Gaza: when will the blood bath stop?



Our hearts go out to Emily Hand taken hostage by Hamas in the brutal October 7 attack, and her family as they wait for news of the eight-year-old Irish citizen initially assumed dead. Our thoughts go too to the more than 4,000 children in Gaza killed by Israeli bombing and their bereaved or slain families.

The atrocity of war weighs heavily, given the ongoing carnage in Palestine and Israel. Our concern is selective though – Russia’s war on Ukraine continues and currently there are 30 other wars going on around the world – as we listen to the news wonder when the ongoing inhumanity in Gaza will stop.

Albert Einstein once asked Sigmund Freud why humans, uniquely among other creatures kill their own kind systematically. Any hope that he had of a psychological cure were dashed by Freud, who replied that violence and inequality are natural to mankind.

It can be said that there are just wars, WWII being the most obvious example, where wars are waged to right wrongs and to restore peace although the execution of those wars may be unjust – think of Hiroshima. One of the casualties of war is often truth, where what people really think and the motivation of war remains unspoken or unspeakable.

Taoiseach Leo Varadkar spoke out about the Israelis being motivated by revenge against Palestinians in Gaza in the indiscriminate bombings which have resulted in the deaths of more than 10,000 people, nearly half of them children, following the October 7 terrorist massacre of 1,400 by Hamas. Declaring war on Hamas to protect the Israeli people is justified, but killing tens of thousands of civilians with nowhere safe to go and starving them, bombing hospitals and ambulances are war crimes.

At the same time there is a battle of words being raged in a propaganda war over justification or blame. Ambulances or hospitals were hit by Israeli bombs because Hamas were in them. Plus there are skirmishes of misinformation and counter-claims on social media as conspiracy theorists cross swords.

The term ethnic cleansing pinpoints another motive here; the desire by some to rid Israel of Palestinians. Let them go to the desert (Sinai) or to Ireland, remarked one Israeli politician, while another who proposed a nuclear option for Gaza was only temporarily suspended from office. Ethnic cleansing has happened since the State of Israel was declared in 1948. More than 15,000 Palestinians were killed, three quarters of a million became refugees between 1947 and 1949 and Israel now controls 85%of historic Palestine.

The 1967 Six Days war multiplied the amount of territory occupied by Israel and included the Gaza Strip and the West Bank. Since then, Jewish settlements in occupied territory have expanded with the imposition of a crippling blockade on Gaza in defiance of UN resolutions. Between 2000 and 2014 alone 7,000 Palestinians and 1,100 Israelis have lost their lives in hostilities.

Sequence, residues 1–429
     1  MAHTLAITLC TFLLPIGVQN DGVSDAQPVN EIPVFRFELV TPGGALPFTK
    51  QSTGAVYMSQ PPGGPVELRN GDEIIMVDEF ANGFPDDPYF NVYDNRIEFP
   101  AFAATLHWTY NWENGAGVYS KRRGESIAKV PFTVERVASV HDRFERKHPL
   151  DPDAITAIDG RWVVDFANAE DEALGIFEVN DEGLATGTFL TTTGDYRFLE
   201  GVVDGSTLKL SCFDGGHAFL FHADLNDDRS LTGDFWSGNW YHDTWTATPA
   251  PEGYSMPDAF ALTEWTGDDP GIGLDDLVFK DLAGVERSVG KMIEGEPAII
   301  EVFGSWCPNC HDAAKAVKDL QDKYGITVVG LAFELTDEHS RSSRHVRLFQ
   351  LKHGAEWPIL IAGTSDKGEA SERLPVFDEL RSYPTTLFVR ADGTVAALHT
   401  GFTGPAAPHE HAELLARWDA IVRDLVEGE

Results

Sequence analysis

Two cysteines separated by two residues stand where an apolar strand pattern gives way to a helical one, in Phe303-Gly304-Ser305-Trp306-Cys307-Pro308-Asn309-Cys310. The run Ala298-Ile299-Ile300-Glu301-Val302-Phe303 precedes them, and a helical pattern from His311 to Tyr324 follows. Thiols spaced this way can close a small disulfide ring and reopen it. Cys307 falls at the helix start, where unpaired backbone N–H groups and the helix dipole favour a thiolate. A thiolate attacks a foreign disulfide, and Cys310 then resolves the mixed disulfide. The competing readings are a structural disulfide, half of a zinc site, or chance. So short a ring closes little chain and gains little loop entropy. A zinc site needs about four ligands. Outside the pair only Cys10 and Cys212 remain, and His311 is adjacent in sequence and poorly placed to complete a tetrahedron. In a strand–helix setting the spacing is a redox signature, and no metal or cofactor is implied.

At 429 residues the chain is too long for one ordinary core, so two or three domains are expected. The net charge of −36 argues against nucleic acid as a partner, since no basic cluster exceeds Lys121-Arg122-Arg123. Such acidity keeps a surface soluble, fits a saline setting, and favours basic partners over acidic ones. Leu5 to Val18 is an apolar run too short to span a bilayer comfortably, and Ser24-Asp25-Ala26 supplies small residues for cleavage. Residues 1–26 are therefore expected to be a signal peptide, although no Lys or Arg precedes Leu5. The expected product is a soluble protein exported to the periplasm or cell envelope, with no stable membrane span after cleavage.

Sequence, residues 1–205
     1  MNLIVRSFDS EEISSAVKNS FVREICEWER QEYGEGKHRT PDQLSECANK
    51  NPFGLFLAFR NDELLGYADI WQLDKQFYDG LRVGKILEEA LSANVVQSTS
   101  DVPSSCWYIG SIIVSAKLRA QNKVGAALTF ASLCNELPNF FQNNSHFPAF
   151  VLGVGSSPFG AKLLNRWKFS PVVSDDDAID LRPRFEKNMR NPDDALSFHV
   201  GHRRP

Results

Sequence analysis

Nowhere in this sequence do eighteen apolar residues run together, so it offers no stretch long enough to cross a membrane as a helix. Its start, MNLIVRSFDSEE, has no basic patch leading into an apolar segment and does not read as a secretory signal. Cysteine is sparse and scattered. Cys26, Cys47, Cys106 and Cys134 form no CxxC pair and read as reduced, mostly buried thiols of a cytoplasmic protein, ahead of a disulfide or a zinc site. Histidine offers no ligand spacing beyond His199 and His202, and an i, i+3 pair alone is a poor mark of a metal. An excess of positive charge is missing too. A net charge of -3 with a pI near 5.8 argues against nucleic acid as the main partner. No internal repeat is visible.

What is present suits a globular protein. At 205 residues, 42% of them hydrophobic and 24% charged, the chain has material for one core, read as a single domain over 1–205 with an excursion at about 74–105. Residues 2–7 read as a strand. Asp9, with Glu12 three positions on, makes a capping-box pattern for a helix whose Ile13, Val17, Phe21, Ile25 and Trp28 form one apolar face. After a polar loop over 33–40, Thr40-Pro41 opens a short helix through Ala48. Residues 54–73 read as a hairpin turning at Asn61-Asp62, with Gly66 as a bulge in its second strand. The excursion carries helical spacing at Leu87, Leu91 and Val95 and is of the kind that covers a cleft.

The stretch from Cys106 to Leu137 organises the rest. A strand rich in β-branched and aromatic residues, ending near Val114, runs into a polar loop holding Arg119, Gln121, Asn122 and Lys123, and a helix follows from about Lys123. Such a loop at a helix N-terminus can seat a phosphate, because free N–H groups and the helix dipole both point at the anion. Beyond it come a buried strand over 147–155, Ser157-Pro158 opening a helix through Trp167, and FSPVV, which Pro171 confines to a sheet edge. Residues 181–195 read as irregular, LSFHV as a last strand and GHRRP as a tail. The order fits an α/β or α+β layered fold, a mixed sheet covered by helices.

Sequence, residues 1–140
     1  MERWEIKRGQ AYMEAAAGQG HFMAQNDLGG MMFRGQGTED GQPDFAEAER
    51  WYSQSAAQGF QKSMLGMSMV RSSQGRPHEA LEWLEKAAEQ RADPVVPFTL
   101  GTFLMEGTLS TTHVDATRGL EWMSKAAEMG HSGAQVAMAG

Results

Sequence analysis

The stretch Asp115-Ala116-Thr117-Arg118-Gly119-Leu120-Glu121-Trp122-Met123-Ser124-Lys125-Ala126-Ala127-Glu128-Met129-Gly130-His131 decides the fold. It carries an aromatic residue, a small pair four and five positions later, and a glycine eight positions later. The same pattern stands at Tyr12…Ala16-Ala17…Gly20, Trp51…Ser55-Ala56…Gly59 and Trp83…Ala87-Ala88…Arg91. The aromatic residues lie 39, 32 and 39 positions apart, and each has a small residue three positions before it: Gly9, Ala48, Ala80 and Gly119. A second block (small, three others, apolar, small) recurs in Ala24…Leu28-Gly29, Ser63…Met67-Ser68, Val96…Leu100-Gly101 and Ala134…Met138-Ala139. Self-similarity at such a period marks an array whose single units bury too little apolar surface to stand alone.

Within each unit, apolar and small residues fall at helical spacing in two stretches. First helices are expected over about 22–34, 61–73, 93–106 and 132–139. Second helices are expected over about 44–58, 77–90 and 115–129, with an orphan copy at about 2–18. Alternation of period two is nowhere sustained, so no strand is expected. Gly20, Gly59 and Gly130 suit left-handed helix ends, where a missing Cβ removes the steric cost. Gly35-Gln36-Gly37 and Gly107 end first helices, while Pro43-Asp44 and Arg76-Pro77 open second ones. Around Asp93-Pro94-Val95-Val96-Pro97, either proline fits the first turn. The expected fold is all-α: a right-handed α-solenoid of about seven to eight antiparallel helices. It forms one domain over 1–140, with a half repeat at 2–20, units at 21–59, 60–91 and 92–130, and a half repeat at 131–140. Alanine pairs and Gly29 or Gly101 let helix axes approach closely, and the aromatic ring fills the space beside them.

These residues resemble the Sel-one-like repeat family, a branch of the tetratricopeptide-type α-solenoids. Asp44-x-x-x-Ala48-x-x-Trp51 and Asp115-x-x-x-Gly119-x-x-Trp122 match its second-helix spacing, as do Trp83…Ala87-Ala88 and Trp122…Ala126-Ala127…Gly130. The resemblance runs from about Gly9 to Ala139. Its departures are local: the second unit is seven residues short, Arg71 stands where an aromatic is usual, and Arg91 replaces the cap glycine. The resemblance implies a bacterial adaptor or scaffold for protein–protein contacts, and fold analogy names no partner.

When the war being waged between Israel and Hamas ends there will be unanswerable questions. How many of the surviving Gazans will be able to return to the bombsites where their homes once stood? How many thousands will become refugees? In the meantime, what hope is there of stopping the carnage as Hamas continues to fire rockets into Israel and Israel’s bombing reached new peaks this week clearing the way for their ground offensive as it got under way.

Surely it is counter intuitive that the Israelis will pay any attention to US calls for a ceasefire while the US continues to supply Israel with weapons and finance. It is useless to expect the UN to intervene while its Security Council is split and the litany of UN past failures to secure peace or prevent massacres like those in Rwanda and Srebrenica hardly inspires confidence.

Our own recent bitter experience during the Troubles suggests that, when the parties involved become sick of strife and bloodshed and realise that the war, whatever about apparent victory, is unwinnable, only then does the ‘Belfast Moment’ – the option of peace – come about.

Meantime, given the ongoing humanitarian crisis, the bombing, killing and deprivation of trapped civilians in Gaza, Israel has lost out on the immense sympathy generated by Hamas’s horrific October 7 terrorist attack in which 1,400 were killed and 240 taken hostage. How many of us wonder privately how descendants of forbearers who suffered centuries of persecution, culminating in the unimaginable horror of the Holocaust can visit persecution and mass killing – the definition of a holocaust – on another people.

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